G.H.                                           Yeah it’s net. Net words.

M.H.                                          Is there any way to adjust that?

G.H.                                           You can have it so that it doesn’t go below zero. So it will never go negative if you subtract a bunch of words. Although you may want it to. Because some people, they’ll write a 200,000 word doorstop and they need to cut words and so they’re trying to keep track of that. So it may be valuable to keep track of that.

M.H.                                          Can you do that in Scrivener? Record the negative value?

G.H.                                           It does. It totally does. So if you went in and just cut a whole bunch of stuff it would show negative unless you turn that off. That’s Mac only. All the extras in project targets right now, all the options, those are all Mac only.

M.H.                                          And then just one last thing about how you use it for blogging. Do you take the text—I’m curious about the formatting. The trouble I have is when I’m using Scrivener, I try to be format agnostic. I could write in markdown but then it doesn’t export to HTML. So I’m wondering how you do that.

G.H.                                           The markdown doesn’t export to HTML?

M.H.                                          I don’t know. I haven’t tried.

G.H.                                           I think it does but I don’t use markdown. I basically just copy and paste into WordPress and then format later. It will keep all the bold and italics, hyperlinks and stuff like that. And I insert pictures after I get it- over there. Because I have to upload them anyway.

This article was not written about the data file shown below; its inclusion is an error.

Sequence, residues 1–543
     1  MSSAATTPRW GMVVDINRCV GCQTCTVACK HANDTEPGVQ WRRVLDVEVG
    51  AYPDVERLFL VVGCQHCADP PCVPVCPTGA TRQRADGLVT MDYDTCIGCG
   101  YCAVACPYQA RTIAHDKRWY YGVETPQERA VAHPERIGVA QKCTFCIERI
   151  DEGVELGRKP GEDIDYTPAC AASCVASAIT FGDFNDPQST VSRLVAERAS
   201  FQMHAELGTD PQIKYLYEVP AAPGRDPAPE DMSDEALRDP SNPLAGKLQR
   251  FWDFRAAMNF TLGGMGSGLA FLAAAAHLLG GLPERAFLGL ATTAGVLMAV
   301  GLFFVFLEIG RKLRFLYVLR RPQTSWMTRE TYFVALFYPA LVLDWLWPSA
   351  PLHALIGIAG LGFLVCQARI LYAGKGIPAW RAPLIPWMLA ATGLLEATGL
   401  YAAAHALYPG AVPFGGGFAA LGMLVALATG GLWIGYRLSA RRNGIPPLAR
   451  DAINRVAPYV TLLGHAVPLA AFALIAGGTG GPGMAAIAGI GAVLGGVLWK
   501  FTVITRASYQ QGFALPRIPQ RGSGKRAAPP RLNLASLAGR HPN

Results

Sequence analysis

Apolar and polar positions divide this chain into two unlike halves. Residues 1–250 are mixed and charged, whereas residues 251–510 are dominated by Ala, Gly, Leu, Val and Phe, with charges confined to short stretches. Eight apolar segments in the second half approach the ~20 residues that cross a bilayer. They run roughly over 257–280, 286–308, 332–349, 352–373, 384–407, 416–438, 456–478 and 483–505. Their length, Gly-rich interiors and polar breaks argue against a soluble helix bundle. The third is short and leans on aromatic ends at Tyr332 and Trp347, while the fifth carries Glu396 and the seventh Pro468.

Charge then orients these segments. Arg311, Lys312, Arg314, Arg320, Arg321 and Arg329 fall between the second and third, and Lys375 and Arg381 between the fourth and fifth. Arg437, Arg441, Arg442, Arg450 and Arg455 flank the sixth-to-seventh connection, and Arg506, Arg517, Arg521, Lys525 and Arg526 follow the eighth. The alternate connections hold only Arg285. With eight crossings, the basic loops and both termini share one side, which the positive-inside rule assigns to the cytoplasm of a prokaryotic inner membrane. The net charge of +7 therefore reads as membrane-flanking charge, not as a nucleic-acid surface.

M.H.                                          Right. Might as well only do it once.

G.H.                                           And I’m not like a full-time professional blogger—I blog once a week. So it’s not a big deal for me. I’m really just doing it in Scrivener, more so I don’t have to write directly into WordPress. That always makes me a little nervous. And like I said I want to have an archive of what I wrote that is searchable so that I can be, oh what did I write on that topic of stress before? But I’m not really worrying about the formatting; again, I’m using it to draft. Then I get it over there and I fool around with it and I change it 50 times and I paste it back into Scrivener.

M.H.                                          I do end up changing it as well. Once you get it over to WordPress you’re like, it looks different I have to just… maybe just a little bit.

G.H.                                           Yeah. It’s the same reason I read my first draft on my iPad instead of on the computer; because I find things. In fact I had it—well it’s Mac only—but you can have it read your book to you through Scrivener. And I just copy 10 or 15 stupid things like “he” instead of “the,” and “it it.” And I don’t know, just a bunch of dumb stuff.

M.H.                                          I love that auditory sense. Do you also dictate into it?

G.H.                                           I don’t dictate. I’ve never gotten into that. But I know there is definitely people that do.

M.H.                                          It’s kind of intimidating.